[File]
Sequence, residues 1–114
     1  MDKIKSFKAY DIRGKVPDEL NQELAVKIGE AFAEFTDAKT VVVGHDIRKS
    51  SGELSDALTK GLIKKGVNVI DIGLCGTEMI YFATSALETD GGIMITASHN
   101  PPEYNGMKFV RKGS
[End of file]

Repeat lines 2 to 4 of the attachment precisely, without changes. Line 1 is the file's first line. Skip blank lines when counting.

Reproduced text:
     1  MDKIKSFKAY DIRGKVPDEL NQELAVKIGE AFAEFTDAKT VVVGHDIRKS
    51  SGELSDALTK GLIKKGVNVI DIGLCGTEMI YFATSALETD GGIMITASHN
   101  PPEYNGMKFV RKGS